bumblebee pollination
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Bumblebee Manageability

Written By: John Wolf
Pollination Specialist
Koppert Biological
Systems, Inc.


Has this happened to you? You need to apply an unexpected insecticide application with short notice and it is a chemical that will kill or greatly harm the honeybees your beekeeper has placed in your field or orchard. You need to have the bees moved or you are going to kill them and your beekeeper is unable to move them when you need it done. Or maybe your raising multiple crops or multiple varieties of the same crop and you would like to move the honeybees to the next field that is in full bloom, but you have to do it within your beekeepers schedule, not your own. These are just a couple of scenarios that happen across the country to growers everyday that cause downtime, frustration, and ultimately end up costing money. This is another of the many reasons that should lead you to consider the use of Koppert bumblebee QUADS for your required pollination.

At around thirty pounds and
with Koppert’s exclusive “Bee-Home” system, that is designed to effortlessly trap your bees inside the QUAD, Koppert bumblebees are the perfect solution for putting the manageability of pollination in your hands. Now when that unexpected chemical application becomes necessary or a bloom comes on quicker than expected, you need not wait to get the job done. You can do it yourself, and it is simple and quick.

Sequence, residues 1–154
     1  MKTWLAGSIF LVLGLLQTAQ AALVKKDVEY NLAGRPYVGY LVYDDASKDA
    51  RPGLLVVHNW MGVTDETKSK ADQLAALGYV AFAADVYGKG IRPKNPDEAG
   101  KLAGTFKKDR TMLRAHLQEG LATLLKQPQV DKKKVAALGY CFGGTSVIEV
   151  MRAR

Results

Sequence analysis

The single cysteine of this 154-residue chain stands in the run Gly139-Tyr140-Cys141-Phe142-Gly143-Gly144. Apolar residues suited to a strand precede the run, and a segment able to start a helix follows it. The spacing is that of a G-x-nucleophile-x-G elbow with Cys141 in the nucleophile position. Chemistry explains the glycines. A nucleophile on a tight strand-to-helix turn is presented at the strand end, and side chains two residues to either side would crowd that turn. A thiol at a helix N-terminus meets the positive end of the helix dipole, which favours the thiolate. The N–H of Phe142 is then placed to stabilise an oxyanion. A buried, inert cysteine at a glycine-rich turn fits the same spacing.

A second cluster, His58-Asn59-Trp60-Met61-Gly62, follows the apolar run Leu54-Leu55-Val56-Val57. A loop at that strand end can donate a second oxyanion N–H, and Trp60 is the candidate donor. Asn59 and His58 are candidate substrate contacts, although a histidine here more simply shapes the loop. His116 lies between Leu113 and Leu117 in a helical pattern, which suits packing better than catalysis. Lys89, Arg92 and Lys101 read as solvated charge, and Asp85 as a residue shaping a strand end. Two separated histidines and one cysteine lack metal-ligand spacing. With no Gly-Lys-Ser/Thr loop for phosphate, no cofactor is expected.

Ask any grower who is currently using Koppert bumblebee QUADS what it’s like to manage their own bees and you will get pretty much the same answer. There’s nothing to it. All you need do is slide the beehome door on each of the four hives in the QUAD to the “in only” position and within a few hours all of the bumblebees from each QUAD will be trapped inside their hives ready for you to apply the needed chemical or move it to the next location. A QUAD which packs the pollination power of a whole four hive pallet of honeybees weighs in at only about 30 pounds. This means you need no special equipment to move the hives from field to field, and you can easily fit 30 QUADS in

the back of a pickup bed. That's the equivalent of 120 honeybee hives in the box of your truck.